It’s no surprise that Jeremy Corbyn’s shadow cabinet appointments have rattled a few cages – and the choice of Kerry McCarthy as shadow Defra secretary is just one of many. The MP for Bristol East (a city that Anthony Whitehead described a few weeks ago as employing a ‘totalitarian brand of environmental idealism’) has made her views on both meat eating and rural pursuits clear in the past, and has a fair few critics already.
It has already been pointed out elsewhere that putting a vegan in charge of representing the farming industry is slightly odd – but then again, vegetarian Hilary Benn was Defra secretary for three years. But that isn’t the only black mark against her. She is also Vice President of the League Against Cruel Sports – who earlier this year hardened their stance on hunting to include calling for a ban on trail hunting – and has encouraged people to ‘back the ban’ on foxhunting. She is ‘against all shooting “sports” where there’s a living creature on both ends of the gun’, and has also spoken out against the badger cull. Although her views on horse racing aren’t crystal clear, she has asked questions in the Commons about regulation of the industry and voted to ban the use of the whip. If she were in favour of banning it altogether, I have to say I wouldn’t be surprised.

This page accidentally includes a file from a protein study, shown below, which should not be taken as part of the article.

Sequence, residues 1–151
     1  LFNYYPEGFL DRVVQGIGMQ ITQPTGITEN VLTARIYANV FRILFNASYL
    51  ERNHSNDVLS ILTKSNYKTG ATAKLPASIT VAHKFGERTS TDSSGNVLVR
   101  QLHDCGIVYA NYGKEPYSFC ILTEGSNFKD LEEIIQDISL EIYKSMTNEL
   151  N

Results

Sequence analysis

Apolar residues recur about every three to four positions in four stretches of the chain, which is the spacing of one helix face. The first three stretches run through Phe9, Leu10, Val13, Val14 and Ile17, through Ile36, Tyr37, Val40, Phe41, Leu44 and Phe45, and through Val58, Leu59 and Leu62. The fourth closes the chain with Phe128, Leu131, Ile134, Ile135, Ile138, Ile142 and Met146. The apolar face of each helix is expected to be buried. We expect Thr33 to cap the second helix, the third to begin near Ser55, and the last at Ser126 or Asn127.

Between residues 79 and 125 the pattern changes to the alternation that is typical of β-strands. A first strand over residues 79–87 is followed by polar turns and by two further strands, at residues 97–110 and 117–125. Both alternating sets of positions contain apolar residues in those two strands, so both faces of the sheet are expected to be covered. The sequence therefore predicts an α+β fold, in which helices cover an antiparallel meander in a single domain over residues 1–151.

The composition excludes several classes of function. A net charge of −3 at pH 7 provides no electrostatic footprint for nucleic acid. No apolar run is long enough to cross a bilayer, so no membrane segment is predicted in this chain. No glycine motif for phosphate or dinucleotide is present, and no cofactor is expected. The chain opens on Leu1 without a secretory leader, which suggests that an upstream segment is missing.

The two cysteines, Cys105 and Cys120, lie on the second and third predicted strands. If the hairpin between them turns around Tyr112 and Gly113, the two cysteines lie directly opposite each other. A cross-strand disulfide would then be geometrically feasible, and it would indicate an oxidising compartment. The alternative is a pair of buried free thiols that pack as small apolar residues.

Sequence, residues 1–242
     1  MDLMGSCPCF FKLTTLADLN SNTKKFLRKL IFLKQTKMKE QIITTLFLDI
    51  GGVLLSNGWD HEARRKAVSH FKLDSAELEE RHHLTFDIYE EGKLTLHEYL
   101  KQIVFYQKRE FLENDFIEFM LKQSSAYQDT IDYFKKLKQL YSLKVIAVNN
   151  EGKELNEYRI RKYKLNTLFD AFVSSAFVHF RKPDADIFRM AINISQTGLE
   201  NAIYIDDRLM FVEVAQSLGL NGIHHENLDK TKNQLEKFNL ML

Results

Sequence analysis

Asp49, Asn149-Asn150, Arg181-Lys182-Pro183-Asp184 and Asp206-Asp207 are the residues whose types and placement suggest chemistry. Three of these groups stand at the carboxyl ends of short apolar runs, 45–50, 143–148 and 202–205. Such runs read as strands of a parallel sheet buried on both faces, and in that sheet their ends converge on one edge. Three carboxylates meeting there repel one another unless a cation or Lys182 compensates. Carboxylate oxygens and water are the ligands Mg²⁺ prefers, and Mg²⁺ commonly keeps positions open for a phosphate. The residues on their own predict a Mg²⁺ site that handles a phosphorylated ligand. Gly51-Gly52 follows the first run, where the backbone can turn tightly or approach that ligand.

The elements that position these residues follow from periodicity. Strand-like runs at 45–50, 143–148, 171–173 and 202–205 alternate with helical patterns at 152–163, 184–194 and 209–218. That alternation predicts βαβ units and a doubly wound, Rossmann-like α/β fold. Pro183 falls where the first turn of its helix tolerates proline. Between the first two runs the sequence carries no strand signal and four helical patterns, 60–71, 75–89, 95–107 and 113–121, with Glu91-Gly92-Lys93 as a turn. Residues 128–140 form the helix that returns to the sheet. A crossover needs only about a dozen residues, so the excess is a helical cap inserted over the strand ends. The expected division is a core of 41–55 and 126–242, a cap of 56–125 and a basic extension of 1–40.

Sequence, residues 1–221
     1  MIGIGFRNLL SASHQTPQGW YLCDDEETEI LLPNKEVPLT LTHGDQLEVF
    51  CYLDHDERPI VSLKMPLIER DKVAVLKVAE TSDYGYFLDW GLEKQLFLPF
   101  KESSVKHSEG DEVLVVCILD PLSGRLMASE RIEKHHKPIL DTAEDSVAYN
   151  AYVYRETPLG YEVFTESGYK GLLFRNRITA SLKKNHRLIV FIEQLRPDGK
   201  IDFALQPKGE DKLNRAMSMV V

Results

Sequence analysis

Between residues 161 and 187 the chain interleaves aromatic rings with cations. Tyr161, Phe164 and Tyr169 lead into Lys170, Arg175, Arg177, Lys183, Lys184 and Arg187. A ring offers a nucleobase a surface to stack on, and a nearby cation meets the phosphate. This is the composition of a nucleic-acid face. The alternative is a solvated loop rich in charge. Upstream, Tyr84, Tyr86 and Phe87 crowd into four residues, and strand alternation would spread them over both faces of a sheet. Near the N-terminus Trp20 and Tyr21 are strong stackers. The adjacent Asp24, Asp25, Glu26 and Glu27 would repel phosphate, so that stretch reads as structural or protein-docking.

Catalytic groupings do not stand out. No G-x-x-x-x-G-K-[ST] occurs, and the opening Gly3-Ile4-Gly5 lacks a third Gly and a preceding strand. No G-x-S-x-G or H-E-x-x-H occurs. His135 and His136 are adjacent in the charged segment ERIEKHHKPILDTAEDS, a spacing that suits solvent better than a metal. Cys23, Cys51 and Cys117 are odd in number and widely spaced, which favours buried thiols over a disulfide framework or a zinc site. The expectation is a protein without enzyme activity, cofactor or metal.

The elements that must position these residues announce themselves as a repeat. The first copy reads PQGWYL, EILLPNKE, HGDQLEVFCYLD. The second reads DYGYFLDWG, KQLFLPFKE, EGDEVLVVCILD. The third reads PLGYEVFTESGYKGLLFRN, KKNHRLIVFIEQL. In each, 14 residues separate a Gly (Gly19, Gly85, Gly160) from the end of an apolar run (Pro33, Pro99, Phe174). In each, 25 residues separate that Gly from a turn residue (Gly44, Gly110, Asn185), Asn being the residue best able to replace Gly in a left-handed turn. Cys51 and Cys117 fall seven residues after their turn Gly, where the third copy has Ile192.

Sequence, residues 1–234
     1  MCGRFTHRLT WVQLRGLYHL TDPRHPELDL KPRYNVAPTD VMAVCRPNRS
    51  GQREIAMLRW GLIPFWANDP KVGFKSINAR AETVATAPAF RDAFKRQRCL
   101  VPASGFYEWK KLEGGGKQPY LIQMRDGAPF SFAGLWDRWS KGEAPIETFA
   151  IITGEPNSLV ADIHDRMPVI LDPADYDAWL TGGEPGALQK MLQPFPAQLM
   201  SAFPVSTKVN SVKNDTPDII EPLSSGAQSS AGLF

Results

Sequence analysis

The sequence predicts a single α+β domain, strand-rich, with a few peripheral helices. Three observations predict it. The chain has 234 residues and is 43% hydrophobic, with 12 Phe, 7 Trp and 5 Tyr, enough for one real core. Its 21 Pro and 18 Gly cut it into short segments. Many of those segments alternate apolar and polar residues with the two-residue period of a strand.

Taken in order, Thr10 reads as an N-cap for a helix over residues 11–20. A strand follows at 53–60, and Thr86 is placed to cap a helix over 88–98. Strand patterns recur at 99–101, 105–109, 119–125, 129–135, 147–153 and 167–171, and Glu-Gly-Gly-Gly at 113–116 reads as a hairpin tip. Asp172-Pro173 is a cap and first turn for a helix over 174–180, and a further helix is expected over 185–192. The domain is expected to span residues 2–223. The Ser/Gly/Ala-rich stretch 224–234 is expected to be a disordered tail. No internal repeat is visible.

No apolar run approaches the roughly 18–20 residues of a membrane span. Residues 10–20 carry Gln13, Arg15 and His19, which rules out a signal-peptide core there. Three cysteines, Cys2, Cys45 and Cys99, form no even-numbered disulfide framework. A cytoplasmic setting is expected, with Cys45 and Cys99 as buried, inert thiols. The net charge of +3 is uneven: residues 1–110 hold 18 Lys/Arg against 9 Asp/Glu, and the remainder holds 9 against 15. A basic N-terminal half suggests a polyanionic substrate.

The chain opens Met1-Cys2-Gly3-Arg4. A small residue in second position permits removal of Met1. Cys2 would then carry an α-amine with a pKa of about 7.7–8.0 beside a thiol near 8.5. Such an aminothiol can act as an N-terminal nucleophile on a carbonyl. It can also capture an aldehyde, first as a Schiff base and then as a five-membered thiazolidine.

So what do those in favour of field sports making of the decision? The British Association for Shooting and Conservation have said that they hope she ‘will approach her new post of the basis of evidence based policy’ and will ‘give shooting a fair hearing’. Tim Bonner of the Countryside Alliance has been more outspoken:
‘We look forward to hearing how Ms McCarthy, who is patron of the Vegan society which believes “animal farming is no longer sustainable and severely damaging to the environment” and is “against all shooting sports” intends to re-engage the Labour party with the rural community.’
The current Defra secretary Liz Truss has, on the other hand, extended the badger cull, supports a repeal of the Hunting Act, and seems unlikely to be in agreement with Ms McCarthy on many rural issues. Will rural voters be convinced by Labour’s green policies? It remains to be seen, but either way, Defra questions will certainly be made more interesting.